Table of contents
About this book
This book discusses the question of whether legal interpretation is a scientific activity.
The law’s dependency on language, at least for the usual communication purposes, not only makes legal interpretation the main task performed by those whose work involves the law, but also an unavoidable step in the process of resolving a legal case. This task of decoding the words and sentences used by normative authorities while enacting norms, carried out in compliance with the principles and rules of the natural language adopted, is prone to all of the difficulties stemming from the uncertainty intrinsic to all linguistic conventions.
In this context, seeking to determine whether legal interpretation can be scientific or, in other words, can comply with the requirements for scientific knowledge, becomes a central question. In fact, the coherent application of the law depends on a knowledge regarding the meaning of normative sentences that can be classified (at least) as being structured, systematically organized and tendentially objective. Accordingly, this book focuses on analyzing precisely these problems; its respective contributions offer a range of revealing perspectives on both the problems and their ramifications.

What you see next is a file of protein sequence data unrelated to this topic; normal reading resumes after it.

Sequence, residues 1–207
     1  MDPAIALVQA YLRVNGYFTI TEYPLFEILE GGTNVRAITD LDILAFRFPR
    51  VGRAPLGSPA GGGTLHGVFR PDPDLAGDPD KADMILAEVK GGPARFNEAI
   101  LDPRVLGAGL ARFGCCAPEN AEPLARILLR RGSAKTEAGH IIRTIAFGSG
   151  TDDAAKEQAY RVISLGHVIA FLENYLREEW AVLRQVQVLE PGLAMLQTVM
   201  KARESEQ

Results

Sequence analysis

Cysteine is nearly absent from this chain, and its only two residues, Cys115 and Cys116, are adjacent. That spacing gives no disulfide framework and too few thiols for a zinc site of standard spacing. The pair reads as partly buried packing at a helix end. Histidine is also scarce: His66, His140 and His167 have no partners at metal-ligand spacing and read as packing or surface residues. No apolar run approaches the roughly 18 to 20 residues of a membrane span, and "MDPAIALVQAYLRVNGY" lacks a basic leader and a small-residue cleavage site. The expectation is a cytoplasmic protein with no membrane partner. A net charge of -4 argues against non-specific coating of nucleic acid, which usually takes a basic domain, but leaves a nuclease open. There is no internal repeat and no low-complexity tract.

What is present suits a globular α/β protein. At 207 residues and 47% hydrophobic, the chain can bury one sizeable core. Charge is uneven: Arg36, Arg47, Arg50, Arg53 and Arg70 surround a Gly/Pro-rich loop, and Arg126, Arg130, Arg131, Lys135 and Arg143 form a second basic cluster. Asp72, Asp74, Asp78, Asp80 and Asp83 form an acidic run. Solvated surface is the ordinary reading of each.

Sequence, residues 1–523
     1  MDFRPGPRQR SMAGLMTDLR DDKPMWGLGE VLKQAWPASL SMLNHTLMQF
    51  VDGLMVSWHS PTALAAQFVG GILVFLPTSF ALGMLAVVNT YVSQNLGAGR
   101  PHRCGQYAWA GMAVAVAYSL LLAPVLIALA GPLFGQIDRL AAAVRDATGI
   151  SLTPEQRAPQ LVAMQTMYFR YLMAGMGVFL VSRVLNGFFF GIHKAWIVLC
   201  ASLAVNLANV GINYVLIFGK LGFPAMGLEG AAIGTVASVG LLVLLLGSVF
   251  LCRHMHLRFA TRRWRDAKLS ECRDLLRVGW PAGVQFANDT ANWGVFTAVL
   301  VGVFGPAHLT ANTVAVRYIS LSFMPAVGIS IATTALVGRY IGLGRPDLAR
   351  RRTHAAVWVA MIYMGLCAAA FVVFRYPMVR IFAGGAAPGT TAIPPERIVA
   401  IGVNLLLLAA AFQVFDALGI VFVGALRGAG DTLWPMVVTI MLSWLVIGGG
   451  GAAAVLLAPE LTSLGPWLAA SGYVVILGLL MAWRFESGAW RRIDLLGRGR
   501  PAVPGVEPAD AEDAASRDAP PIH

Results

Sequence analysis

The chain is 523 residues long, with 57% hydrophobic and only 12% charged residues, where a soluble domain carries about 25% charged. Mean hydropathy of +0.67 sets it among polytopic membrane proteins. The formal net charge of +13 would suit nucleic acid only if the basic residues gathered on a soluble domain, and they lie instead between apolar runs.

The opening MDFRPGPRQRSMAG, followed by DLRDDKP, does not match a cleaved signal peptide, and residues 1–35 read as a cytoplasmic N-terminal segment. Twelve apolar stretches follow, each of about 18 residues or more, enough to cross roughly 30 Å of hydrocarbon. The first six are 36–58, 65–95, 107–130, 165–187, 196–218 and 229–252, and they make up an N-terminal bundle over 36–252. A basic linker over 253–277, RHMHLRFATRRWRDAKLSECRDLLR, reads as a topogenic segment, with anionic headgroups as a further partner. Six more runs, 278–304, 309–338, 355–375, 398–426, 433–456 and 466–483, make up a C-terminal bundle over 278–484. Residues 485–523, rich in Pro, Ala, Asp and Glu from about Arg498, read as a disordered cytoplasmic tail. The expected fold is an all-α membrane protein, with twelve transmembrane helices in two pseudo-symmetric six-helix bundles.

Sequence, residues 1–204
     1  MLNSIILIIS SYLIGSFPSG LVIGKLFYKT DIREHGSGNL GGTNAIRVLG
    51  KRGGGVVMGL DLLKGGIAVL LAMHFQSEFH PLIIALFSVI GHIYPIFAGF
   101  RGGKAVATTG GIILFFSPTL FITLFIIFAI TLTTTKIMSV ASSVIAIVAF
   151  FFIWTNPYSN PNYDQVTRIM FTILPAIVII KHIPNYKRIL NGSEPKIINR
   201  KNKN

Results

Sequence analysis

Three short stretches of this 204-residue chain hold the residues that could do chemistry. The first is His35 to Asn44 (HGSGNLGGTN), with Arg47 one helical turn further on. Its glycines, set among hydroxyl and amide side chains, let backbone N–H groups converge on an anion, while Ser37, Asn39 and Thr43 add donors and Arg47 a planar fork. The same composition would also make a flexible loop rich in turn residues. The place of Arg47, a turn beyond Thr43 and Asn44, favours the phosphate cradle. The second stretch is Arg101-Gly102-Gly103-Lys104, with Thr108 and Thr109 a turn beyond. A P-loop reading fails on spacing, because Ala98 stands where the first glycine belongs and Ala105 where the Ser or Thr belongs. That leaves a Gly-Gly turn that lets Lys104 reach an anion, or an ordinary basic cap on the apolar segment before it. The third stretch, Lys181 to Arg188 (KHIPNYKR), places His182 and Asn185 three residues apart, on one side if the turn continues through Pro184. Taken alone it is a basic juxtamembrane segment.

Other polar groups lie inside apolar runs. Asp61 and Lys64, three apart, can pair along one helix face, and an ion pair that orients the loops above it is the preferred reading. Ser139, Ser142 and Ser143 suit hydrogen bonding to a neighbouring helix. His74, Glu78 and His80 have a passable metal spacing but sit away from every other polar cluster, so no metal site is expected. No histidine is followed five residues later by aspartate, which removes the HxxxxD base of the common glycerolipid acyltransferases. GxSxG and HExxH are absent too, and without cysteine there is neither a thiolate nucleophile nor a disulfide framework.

Legal interpretation Scientific knowledge Legal science Fiction and law Hermeneutics Vagueness Objectivity Legal theory Indeterminacy